Optimum Nutrition: Cooked or Raw?
Which is better: cooked food or raw? Taking nothing for granted or gospel, I set out to find out for myself the answer to this important question.
First, I asked, what is meant by "raw food" and what is meant by "cooked food?" One cannot simply say that raw is uncooked, for there are raw food "cookbooks." Nor is cooking simply the application of heat through boiling, baking, or frying, as I soon discovered. Ripening itself is one form of natural cooking; others are described later. Second, I wondered, what did my ancestors eat? And was it raw or cooked? Third, I questioned, how do enzymes in foods affect digestion and health? Fourth, I attempted to sum it up, is there an advantage to cooking?
The answers weren't as simple as one might suspect, however. The answers to these questions combine in interesting ways, and open up other questions in their answering.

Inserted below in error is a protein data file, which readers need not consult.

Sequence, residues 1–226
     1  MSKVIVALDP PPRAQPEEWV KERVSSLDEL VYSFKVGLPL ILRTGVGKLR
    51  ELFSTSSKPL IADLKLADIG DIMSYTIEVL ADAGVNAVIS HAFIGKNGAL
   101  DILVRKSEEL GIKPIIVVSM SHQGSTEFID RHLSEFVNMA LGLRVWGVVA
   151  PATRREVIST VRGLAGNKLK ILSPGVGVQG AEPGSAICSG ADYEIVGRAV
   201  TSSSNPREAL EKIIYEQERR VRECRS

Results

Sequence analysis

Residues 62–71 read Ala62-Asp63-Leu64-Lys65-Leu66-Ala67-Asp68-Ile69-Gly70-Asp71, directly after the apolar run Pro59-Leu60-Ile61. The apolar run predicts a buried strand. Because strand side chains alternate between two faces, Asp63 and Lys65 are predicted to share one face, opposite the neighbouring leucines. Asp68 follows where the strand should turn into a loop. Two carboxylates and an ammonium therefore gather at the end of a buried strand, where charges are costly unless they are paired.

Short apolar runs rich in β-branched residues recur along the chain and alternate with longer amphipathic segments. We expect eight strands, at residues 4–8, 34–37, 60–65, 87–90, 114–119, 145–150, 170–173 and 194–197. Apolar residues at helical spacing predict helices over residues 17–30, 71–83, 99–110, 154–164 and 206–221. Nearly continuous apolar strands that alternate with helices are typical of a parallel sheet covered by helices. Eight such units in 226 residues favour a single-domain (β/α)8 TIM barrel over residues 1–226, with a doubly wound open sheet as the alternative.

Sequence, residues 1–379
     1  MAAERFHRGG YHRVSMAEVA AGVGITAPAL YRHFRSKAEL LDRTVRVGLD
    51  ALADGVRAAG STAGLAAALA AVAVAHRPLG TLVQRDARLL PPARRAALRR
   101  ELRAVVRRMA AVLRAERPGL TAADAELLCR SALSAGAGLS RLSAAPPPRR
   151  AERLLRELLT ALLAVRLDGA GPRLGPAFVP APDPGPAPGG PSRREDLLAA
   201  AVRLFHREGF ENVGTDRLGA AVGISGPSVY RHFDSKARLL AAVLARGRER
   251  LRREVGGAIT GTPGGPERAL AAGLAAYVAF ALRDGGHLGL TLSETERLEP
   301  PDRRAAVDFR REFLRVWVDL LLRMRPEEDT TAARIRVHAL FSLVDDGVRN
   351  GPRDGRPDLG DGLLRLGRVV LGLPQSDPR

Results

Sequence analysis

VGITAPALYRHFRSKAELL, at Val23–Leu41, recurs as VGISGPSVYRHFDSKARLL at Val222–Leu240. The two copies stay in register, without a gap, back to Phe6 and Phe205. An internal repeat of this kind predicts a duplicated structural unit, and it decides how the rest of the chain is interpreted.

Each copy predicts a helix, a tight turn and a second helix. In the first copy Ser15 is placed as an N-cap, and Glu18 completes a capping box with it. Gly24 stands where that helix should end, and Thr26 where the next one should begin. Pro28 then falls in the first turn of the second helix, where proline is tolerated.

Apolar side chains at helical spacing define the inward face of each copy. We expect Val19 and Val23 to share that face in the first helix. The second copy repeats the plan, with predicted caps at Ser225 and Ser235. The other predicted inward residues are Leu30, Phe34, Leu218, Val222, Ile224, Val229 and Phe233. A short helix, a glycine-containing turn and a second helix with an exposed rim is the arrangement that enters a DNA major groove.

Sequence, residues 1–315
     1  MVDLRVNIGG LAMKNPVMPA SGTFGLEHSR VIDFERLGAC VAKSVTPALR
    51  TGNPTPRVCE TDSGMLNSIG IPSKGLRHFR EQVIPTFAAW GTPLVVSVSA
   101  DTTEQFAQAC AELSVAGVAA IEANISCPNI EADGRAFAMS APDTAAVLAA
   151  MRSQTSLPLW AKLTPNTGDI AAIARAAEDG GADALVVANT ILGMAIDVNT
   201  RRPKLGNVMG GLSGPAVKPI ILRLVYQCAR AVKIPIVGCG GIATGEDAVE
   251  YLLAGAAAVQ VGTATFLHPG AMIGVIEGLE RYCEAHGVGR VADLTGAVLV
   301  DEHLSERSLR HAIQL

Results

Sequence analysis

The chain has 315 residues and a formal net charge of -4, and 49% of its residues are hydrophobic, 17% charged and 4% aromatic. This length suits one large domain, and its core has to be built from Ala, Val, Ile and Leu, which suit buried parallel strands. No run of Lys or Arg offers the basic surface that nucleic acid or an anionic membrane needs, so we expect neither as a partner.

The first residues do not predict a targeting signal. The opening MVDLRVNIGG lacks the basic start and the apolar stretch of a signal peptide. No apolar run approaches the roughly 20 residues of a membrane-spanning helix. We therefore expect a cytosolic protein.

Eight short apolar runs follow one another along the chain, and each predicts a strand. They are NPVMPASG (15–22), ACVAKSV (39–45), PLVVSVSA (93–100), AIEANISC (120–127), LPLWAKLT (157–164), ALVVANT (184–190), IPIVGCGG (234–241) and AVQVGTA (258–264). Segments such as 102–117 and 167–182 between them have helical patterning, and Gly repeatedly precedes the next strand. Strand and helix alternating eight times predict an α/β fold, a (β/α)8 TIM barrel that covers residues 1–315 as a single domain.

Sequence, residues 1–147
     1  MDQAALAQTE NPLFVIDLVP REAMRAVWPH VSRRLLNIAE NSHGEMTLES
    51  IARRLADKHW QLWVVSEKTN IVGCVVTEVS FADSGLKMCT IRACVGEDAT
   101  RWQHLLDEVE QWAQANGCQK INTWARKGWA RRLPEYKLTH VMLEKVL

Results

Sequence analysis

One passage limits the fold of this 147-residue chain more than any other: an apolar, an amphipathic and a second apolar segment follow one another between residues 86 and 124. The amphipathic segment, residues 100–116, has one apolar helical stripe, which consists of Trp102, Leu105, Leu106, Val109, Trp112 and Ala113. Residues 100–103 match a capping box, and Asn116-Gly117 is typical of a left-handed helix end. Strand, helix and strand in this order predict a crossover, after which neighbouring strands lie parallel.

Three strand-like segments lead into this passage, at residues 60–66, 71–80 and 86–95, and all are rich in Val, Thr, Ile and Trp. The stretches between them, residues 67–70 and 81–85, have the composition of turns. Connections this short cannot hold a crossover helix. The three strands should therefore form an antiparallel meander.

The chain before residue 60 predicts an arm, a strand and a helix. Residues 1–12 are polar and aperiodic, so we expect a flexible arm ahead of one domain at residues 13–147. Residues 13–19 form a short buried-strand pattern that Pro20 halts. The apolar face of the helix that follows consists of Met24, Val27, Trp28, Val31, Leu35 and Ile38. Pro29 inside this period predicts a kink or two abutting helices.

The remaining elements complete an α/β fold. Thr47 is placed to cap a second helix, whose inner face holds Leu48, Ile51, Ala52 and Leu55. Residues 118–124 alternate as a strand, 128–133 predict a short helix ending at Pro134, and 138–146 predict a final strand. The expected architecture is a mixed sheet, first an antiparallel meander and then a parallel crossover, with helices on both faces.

To begin with the second question: Our most primitive ancestors, those who lived several million years ago, most likely ate raw food. The majority of what they ate was animal protein: muscle meats, organ meats, eggs, and insects.
Present day examples of peoples who primarily eat raw animal protein include the Inuit of the far North and the Masai of Africa. Both groups are known for their health and freedom from disease, although in fairness there are many other lifestyle differences between these cultures and our own.
Research done by Dr. Pottenger in the mid-twentieth century revealed that raw meat and milk contained enzymes necessary for digestion. He showed that heat deactivated their enzymes (www.westonaprice.org). His conclusion was that raw meat, fish, milk and eggs provide more nutrients and are more easily digested.
This is not true of plant foods, however. Vegetables and fruits do contain enzymes -- if picked fully ripe -- but their enzymes have no function in their own digestion, although papaya, pineapple, and kiwi fruit contain enzymes that digest meat (An interesting aside